Intraday Market Thoughts

What To Do With Stocks Falling

by Adam Button
Jun 10, 2011 22:55

A European rift over Greece and mounting risk aversion weighed most-heavily on EUR and GBP on Friday while JPY, USD and CHF led the gainers. We look at the FX implications of the S&P 500 closing lower for the sixth consecutive week.

Pessimism about the US and global economy continues to rise. On Friday, the S&P 500 fell 18 points, or 1.4%, to 1270. Its the first time the index has fallen in six consecutive weeks since 2002 and its the lowest weekly close of 2011, falling below several important support levels.

Its a weak seasonal time for stocks but its also no surprise the declines are coming as the Fed wraps up QE2. We have heard this market described as a whiny girlfriend or a drug addict; it will kick, scream and throw fits until it gets what it wants (more stimulus from the Fed and/or govt) but more is never enough.

THE KICKING AND SCREAMING IS GOING TO GET WORSE and the Fed appears extremely reluctant to come to the rescue. The pressure is going to mount on the Federal government and it couldnt come at a worse time. VP Biden is working through budget talks aimed at cutting trillions from spending in order to get support for raising the debt ceiling. That is precisely the type of growth-stifling news this market hates.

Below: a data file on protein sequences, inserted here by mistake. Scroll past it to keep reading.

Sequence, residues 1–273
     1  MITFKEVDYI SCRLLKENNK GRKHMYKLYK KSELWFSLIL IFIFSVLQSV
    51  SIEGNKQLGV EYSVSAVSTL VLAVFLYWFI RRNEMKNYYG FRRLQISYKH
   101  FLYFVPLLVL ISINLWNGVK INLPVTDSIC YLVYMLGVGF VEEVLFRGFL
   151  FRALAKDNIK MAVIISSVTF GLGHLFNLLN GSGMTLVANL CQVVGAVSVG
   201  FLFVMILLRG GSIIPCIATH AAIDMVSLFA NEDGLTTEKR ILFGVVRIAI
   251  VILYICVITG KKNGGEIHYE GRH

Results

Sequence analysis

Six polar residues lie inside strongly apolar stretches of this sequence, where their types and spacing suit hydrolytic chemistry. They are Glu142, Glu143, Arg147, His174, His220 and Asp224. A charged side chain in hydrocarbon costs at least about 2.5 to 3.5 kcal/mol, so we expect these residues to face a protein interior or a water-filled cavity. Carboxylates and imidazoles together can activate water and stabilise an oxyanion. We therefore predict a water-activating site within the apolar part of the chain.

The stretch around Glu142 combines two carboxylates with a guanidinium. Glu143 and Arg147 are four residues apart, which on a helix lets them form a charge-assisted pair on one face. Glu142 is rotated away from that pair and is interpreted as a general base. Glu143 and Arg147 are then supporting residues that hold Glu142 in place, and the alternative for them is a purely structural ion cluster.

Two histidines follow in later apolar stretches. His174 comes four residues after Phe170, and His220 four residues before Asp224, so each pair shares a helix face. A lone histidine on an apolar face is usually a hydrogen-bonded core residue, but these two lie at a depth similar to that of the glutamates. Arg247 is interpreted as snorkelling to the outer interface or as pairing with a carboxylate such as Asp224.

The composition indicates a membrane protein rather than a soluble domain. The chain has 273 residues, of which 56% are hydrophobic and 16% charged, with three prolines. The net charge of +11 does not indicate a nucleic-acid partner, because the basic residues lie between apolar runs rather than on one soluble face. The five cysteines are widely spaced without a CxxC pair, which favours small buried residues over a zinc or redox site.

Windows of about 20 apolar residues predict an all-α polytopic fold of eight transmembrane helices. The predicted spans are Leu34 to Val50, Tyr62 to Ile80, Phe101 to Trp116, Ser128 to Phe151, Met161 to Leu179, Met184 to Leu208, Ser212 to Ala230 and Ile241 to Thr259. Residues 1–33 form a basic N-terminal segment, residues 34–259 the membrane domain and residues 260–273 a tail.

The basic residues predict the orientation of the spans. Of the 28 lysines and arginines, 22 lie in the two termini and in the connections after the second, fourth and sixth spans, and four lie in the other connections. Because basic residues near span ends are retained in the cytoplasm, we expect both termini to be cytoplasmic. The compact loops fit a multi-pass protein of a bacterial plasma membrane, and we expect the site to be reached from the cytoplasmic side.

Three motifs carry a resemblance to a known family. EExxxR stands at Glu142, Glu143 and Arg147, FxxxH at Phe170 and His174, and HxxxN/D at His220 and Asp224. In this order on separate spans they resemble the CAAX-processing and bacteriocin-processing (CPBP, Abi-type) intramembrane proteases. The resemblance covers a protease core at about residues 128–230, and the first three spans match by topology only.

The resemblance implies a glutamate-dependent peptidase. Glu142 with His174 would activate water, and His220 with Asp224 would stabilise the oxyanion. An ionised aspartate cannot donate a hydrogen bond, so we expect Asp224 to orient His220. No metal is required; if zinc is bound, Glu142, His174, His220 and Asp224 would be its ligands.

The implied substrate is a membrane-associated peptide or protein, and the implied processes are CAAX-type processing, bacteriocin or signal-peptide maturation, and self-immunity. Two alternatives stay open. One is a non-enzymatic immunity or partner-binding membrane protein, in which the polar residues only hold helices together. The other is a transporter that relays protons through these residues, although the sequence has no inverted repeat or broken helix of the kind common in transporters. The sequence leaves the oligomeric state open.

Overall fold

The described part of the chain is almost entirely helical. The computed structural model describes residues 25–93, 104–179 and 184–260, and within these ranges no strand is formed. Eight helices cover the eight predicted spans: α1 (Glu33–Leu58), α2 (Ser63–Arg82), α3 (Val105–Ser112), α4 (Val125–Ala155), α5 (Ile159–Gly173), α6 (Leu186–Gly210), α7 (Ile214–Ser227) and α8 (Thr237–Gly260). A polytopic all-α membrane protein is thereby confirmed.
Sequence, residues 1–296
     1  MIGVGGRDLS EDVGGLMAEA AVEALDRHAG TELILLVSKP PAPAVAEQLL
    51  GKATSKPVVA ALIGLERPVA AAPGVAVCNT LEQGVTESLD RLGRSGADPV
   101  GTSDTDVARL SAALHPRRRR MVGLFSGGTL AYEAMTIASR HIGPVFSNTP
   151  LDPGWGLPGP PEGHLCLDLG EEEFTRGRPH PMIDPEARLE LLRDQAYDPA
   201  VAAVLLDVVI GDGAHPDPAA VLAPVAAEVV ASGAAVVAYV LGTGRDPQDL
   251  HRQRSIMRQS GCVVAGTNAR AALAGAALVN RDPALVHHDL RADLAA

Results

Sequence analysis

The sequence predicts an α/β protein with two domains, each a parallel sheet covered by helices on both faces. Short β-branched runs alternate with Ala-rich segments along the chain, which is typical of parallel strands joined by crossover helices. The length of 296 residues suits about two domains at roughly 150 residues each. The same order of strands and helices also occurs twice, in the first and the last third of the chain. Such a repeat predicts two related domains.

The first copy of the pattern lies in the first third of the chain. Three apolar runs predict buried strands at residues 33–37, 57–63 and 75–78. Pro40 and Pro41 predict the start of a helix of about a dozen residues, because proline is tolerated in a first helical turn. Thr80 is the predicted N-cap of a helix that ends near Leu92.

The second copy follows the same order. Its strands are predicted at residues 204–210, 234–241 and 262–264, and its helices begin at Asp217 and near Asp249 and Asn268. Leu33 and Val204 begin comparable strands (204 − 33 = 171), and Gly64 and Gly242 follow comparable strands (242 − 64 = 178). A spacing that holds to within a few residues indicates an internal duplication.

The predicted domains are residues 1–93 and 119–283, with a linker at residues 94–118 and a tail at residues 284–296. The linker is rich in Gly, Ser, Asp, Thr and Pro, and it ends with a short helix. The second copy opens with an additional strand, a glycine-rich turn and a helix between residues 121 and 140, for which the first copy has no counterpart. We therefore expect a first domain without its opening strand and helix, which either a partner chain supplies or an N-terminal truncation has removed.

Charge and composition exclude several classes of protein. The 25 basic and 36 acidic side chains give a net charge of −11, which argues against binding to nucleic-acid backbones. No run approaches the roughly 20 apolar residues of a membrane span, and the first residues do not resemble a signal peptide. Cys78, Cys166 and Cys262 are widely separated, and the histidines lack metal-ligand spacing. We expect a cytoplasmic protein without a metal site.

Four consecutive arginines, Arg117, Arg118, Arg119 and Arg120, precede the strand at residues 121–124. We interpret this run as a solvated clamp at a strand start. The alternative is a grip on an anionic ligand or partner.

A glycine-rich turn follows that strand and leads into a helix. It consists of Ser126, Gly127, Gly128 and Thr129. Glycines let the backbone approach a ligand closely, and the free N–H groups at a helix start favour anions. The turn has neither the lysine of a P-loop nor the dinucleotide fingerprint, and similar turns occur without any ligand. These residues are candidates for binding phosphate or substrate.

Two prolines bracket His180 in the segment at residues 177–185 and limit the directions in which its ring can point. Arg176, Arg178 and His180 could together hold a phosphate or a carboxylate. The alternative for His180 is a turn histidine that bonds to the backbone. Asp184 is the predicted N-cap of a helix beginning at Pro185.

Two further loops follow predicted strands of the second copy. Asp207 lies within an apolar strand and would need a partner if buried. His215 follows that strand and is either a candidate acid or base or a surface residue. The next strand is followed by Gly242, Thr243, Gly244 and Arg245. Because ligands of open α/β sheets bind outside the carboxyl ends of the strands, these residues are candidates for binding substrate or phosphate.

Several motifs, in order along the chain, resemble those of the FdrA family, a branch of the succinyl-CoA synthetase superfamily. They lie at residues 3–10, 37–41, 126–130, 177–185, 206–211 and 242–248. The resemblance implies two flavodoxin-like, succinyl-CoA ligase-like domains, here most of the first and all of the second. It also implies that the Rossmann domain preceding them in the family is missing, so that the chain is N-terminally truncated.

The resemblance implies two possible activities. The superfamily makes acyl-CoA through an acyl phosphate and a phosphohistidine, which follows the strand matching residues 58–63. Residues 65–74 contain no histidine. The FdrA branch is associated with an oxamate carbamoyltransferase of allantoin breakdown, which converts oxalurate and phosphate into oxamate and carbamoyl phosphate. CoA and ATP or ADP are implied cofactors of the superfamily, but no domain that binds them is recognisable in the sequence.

The question is: how much further do stocks have to fall to get the attention of the Federal govt or the Fed? To 1200? 1100? 1000? Even if stocks fall to last summers lows, the FX trades arent entirely straightforward. The obvious buys are JPY and CHF but how willing are policymakers to allow those currencies to appreciate? There may be some upside in USD but the risk is the story may plays out as US growth slowdown rather than worldwide growth slowdown so that leaves USD vulnerable.

The best trade we see that capitalizes on a fall in stocks is short CAD. CANADA IS LEVERAGED BOTH TO U.S. GROWTH AND POSITIVE RISK SENTIMENT. A decline in both will push CAD lower against virtually everything. A trade that maximizes exposure to risk sentiment is short CAD/CHF (this pair is just above the 2008 low). A trade that minimizes exposure to risk sentiment is long AUD/CAD. Timing it is key. The RSI on the S&P 500 is at the lowest since last summers bottom so its not an opportune time to jump into these positions but they are trades we are watching and will share with premium subscribers.

Ashraf will bring you a weekend version of the Premium analysis to go over Friday's dynamics in FX, energy & equities and the implications for next week.


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